I seem to recall that at some time some foundries used to offer
    some IP blocks as "GDS black boxes" for free. You would just add
    a black box with a predetermined size and contact locations on your
    layout and the foundry would fill the boxes with transistors etc.
    at the fabrication time. This way the foundries were able to make
    their bread out of the fabrication fees alone. But this may no longer
    be true in the greedy modern times.

  11. Tim Shoppa

    Tim Shoppa Guest

    None = less than 0.0001 degrees RMS of phase jitter in a
    500KHz signal.

    That corresponds to 0.55 picoseconds. That's achievable in at least
    some domains, but not knowing the real need it's starting to sound like

  12. Joerg

    Joerg Guest

    Hello Tim,
    Plus exactly determining the number of clock cycles it takes to execute.
    Should be possible even on newer DSP. We have done that but it was with
    the old Analog Devices 2105 processors. These may look like a moped
    compared to today's rocket DSPs but one single clock cycle of skew would
    have thrown our whole Doppler detection off kilter. It didn't, operated
    like clockwork.

    Regards, Joerg
  13. Ken Smith

    Ken Smith Guest

    Remember that this is an RMS jitter (ie: short term) not the absolute
    error of the long term drift. The 0.0001 degrees number comes from the
    real requirements to match the system performance.

    Now: what does "some domains" mean in this context.
  14. Ken Smith

    Ken Smith Guest

    Imagine you have a signal at 500.001KHz and you digitize it at 5MHz. When
    you digitize, you add distortion products and these will beat with the
    5MHz and the waveforms slide past each other. When you are done with the
    DSPing, you are going to turn the signal back into analog. At this point
    more distortion products get added.
  15. Ken Smith

    Ken Smith Guest

    I can convert from 8051 to equivelent logic.
  16. Tim Shoppa

    Tim Shoppa Guest

    Now: what does "some domains" mean in this context.

    0.55 picoseconds is a pretty good jitter figure for leading-edge
    technology telecom clocks. Typical rise and fall times for these
    pulses is of the order a few tens of picoseconds. Trying to do the
    same thing for a sine-shaped wave of 500kHz (which is a fall time of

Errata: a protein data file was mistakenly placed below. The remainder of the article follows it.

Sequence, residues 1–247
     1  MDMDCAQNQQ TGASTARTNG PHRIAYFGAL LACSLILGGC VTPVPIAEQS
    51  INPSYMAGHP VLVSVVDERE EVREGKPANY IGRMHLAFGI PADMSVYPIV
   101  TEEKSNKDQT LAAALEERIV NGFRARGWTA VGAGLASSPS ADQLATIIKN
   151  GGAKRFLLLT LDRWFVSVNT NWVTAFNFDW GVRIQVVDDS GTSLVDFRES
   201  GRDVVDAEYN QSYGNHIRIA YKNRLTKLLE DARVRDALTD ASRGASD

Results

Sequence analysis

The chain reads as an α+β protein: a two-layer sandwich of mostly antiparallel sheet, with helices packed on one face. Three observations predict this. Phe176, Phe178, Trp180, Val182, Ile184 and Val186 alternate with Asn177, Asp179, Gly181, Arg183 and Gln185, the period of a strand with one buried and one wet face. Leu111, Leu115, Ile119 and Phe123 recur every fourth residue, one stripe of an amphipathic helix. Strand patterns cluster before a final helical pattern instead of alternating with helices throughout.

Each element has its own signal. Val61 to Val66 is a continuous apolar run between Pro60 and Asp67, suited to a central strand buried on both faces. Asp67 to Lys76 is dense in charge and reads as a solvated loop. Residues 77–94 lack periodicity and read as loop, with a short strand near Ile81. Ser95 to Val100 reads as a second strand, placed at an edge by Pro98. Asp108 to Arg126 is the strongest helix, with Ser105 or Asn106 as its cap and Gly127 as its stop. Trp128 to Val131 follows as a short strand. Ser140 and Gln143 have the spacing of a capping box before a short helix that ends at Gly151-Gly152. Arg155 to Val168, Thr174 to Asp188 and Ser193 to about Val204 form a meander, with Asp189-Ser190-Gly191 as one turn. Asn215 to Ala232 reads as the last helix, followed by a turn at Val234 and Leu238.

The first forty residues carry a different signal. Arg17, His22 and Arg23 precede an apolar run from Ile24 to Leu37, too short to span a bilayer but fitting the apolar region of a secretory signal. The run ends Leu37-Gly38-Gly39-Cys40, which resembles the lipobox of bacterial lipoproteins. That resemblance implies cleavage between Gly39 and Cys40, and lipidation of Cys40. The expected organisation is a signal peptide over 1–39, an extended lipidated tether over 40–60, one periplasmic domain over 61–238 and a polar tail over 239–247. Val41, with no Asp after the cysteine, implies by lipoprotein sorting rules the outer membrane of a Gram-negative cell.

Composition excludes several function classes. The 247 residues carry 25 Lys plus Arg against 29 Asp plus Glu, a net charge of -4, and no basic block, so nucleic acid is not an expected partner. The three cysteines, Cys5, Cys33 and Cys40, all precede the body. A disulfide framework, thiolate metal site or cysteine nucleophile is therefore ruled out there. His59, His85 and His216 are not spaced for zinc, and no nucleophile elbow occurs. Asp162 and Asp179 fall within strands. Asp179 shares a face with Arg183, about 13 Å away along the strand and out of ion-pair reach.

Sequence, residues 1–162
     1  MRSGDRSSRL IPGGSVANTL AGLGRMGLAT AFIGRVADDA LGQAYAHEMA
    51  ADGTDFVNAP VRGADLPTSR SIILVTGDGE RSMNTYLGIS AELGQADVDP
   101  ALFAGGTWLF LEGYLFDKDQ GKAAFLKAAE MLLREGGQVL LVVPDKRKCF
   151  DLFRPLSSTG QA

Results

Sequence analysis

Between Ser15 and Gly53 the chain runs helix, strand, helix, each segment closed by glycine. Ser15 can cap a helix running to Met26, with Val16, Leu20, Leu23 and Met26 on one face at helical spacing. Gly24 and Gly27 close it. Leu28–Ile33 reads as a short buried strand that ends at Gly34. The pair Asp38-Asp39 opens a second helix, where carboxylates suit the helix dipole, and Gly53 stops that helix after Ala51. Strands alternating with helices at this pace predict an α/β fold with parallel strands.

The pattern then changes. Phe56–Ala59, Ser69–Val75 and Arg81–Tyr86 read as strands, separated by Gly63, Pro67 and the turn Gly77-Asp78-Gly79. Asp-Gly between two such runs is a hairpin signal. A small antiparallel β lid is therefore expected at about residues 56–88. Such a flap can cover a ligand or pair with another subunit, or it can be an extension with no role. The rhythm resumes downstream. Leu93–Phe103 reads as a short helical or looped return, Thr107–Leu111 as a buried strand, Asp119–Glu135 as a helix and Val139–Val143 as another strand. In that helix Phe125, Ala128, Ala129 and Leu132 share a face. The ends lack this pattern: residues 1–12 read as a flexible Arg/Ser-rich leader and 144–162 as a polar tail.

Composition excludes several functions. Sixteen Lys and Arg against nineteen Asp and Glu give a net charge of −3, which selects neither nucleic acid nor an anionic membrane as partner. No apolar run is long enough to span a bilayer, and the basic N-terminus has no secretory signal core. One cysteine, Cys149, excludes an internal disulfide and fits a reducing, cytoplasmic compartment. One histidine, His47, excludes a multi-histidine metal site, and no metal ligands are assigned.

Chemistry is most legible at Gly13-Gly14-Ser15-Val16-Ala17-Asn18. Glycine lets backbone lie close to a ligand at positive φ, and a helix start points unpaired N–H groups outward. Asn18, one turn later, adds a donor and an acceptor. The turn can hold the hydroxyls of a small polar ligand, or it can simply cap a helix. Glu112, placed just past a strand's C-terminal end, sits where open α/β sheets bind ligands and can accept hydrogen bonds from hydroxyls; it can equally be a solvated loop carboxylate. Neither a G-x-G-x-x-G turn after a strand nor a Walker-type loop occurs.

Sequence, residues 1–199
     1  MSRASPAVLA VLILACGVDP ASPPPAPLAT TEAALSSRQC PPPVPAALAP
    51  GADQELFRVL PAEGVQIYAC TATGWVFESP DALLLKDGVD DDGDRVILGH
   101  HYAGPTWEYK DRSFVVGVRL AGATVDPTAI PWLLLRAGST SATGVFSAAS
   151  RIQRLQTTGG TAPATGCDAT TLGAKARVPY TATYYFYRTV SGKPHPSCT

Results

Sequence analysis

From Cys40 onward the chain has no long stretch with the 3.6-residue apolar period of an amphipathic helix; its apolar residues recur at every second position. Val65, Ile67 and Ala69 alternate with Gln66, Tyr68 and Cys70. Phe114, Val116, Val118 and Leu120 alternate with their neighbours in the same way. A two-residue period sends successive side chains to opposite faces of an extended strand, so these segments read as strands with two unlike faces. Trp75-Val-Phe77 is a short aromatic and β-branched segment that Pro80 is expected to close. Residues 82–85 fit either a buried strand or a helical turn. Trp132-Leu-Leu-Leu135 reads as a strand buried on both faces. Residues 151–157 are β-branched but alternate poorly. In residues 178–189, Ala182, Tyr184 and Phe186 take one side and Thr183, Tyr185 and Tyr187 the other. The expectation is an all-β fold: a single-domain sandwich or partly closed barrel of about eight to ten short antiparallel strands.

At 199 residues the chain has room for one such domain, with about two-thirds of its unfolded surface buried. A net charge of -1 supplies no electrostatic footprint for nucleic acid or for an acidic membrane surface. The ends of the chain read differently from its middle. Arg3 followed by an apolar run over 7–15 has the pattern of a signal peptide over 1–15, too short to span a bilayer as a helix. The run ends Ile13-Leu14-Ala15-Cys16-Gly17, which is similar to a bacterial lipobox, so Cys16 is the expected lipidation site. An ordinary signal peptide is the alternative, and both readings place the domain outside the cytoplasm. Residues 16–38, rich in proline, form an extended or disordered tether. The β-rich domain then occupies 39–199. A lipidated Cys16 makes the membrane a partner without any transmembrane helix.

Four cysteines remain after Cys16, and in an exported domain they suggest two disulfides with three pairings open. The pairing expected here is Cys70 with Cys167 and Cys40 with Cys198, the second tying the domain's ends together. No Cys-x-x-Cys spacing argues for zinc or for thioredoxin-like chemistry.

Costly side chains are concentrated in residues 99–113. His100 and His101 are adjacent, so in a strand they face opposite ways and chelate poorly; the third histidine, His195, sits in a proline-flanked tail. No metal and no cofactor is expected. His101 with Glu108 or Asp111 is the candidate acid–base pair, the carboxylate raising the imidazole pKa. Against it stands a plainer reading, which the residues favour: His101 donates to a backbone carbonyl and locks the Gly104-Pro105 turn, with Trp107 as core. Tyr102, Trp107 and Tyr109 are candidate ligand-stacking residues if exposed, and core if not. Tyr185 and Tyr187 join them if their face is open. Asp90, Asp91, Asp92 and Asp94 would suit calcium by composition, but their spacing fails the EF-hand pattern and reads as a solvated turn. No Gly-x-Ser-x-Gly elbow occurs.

millions of picoseconds) is ludicrous. The noise on your noise on your
    noise will make this impossible.

  17. Joerg

    Joerg Guest

    Hello Ken,
    You'll need all the ADC bits money can buy. 16 bits would be possible at
    5MSPS but it'll be expensive, probably above $30 plus lots of housekeeping.

    Question: Why do you want to integrate this anyway? Space constraints?

    Regards, Joerg
  18. Ken Smith

    Ken Smith Guest

    $1000 each would not kill the idea. That would still make the ASIC less
    than 25% of the total cost of the current system. A lower price would be
    This is one part of it.
    This is not really an issue with the electronics a things stand.

    Another reason is to help keep what we are doing a secret. I figure it
    will delay the other guys by more than a year. A small time operator
    won't have the ability to copy an ASIC.
  19. Ken Smith

    Ken Smith Guest

    The current system involving op-amps and comparitors and stuff works.
    This means that in the band of interest[1] the RMS phase jitter is under
    0.0002 degrees. Yes it is at the high end of what crystal oscillators
    will do[2]. I'm paying $350 for my oscillators. Some of the specs for
    the oscillator are much tighter than the specs of the telcom ones.

    [1] 0.001Hz to 1KHz from the "carrier" matters most

    [2] OCXOs will do it, TCXOs will not.
  20. Joerg

    Joerg Guest

    Hi Ken,
    Ah, nice. I am usually at the other end of the spectrum, turning every
    dime a dozen times. Believe it or not, that is med electronics which
    used to be like your stuff where only performance mattered. Not anymore.
    If somebody wanted it really bad they'd figure out the functions and
    precision and just hire a good analog engineer to design the innards
    from scratch. It will cause a delay but probably not much more than
    grinding off the part numbers in your current design would.

    Sometimes a DSP solution can be harder to crack than an ASIC. Especially
    if it contains nifty algorithms that run internally and where the code
    can't be read back out.

    Regards, Joerg